Of the 50 years of sound nutrition research out there, it is clear that a whole foods plant-based diet is generally the healthiest diet regimen. (I will explore this more in a future blog and elucidate what I mean.) Besides the hang-ups we have with the word “diet,” the biggest obstacle to implementing healthy dietary habits is the lack of a familiar cuisine repertoire of plant-based dishes. Most traditional cultures have many “soul food” dishes that consists of small amounts of meat or animal fat with many vegetables and grains. Take for example a simple cabbage roll. The cabbage roll is an almost ubiquitous cuisine found across cultures. Traditionally, it is made with some minced meat, some barley or rice, and vegetables and mushrooms. The Eastern Europeans pour tomato sauce on top of theirs, the Chinese use seafood and tofu as their stuffing, and some in the Middle East season theirs with lemon and olive oil. When dishes like these are modernized/Westernized, they become more focused on meat and less on the other ingredients. These dishes become “beef-stuffed cabbage rolls”, ground beef/turkey chilis, and steak and a few potatoes. Think of what an average hearty American meal entails. Most will conjure up an image of spaghetti and meatballs, steak and potatoes, or hamburger and fries. Some might think of a chicken leg with vegetables, or steak and salad. Though these dishes have their own nutritional value, they focus on a huge amount of protein as the star, and less on other aspects of the dish. Don’t get me wrong, some people are leading the frontier of building a healthy American cuisine repertoire.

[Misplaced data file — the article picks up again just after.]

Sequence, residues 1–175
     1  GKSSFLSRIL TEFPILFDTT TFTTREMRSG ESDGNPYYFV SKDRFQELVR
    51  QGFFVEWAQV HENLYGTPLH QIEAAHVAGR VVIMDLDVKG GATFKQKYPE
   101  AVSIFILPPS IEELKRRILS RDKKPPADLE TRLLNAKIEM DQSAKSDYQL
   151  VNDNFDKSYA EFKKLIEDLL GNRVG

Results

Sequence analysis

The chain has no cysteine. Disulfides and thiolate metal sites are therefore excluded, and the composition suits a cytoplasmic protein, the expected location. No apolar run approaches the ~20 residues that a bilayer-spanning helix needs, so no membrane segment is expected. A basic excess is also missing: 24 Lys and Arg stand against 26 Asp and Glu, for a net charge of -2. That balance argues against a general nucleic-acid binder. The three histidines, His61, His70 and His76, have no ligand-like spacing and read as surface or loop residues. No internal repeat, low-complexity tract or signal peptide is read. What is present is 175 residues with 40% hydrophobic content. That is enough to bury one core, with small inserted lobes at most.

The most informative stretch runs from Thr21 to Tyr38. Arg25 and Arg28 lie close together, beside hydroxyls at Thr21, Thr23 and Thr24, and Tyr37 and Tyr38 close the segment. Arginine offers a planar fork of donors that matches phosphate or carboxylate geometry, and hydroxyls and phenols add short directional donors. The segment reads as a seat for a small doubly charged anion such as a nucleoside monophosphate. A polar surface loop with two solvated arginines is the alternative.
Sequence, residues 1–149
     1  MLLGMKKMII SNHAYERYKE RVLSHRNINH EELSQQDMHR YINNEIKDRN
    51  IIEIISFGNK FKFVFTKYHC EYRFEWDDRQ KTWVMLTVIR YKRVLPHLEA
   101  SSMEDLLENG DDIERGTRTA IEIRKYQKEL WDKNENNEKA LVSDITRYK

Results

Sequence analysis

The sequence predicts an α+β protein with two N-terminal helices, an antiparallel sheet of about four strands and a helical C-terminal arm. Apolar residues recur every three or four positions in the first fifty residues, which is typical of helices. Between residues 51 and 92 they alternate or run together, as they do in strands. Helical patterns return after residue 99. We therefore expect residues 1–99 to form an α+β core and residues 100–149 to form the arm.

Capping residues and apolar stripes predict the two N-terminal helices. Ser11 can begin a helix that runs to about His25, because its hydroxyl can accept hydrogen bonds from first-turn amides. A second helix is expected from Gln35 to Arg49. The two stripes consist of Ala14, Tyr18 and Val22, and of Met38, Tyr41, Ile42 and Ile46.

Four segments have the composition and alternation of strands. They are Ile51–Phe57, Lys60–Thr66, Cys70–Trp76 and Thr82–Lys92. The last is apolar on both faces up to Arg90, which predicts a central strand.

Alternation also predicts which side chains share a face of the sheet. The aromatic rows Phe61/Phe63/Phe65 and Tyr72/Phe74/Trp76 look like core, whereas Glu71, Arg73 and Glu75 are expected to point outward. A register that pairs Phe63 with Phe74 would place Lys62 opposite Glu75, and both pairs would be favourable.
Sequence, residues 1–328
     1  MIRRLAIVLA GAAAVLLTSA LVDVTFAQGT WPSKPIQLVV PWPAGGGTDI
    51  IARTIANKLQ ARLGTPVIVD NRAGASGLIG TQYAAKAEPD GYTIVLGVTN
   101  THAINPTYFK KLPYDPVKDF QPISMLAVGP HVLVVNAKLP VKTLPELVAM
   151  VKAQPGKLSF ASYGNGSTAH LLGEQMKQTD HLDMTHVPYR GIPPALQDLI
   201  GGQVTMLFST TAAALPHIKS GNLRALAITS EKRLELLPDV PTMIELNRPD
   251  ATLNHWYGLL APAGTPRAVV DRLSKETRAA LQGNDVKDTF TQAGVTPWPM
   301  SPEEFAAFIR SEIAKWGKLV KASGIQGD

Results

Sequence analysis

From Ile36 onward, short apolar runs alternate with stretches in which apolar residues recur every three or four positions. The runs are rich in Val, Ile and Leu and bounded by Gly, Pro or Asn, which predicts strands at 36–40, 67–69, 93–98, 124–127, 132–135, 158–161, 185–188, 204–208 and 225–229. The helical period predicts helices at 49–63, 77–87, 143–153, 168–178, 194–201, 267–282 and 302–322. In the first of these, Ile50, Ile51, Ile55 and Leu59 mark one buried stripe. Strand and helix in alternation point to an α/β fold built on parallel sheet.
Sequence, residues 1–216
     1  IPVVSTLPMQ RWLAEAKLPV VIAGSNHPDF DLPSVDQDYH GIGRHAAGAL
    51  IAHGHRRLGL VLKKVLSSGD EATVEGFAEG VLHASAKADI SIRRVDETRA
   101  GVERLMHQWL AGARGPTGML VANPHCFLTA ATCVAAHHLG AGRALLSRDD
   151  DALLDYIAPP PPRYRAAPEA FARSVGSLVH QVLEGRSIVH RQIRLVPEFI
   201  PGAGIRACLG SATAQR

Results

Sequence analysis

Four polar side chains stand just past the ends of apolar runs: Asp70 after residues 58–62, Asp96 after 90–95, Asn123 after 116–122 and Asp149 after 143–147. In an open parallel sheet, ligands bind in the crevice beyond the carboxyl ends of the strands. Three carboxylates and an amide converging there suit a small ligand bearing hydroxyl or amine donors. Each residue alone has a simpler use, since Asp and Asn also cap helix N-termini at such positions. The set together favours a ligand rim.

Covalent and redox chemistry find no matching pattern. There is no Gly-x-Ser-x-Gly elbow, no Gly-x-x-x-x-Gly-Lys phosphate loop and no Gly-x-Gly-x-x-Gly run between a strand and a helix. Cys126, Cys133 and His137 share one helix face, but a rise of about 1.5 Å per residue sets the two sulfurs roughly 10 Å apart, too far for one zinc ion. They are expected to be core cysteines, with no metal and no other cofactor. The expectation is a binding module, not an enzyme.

Since I was born in Hong Kong, a cuisine hub of the world, I want to contribute to this canon of good food by adding my knowledge of easy recipes and healthy eating. Stir fries are wonderful ways of focusing on entire dish, not just the protein. Here are a few of essential tips for making the perfect stir fry. Continue reading
We’re well past the winter solstice and the holidays, yet the 12 inches of snow outside my window prompted me to write about what exactly we should be eating in the winter. Everything is dead. There are no signs of fresh vegetation outside. But, I can still get anything I want fresh from the grocery store, which can be confusing. The holidays are a wonderful reminder of fall harvests and the types of foods available such as sweet potato, squash, cranberries, and nuts. But when I go down the street to dine, the cafe serves me ice cold water, and I can choose from 5 different raw salads. This is a big winter no-no.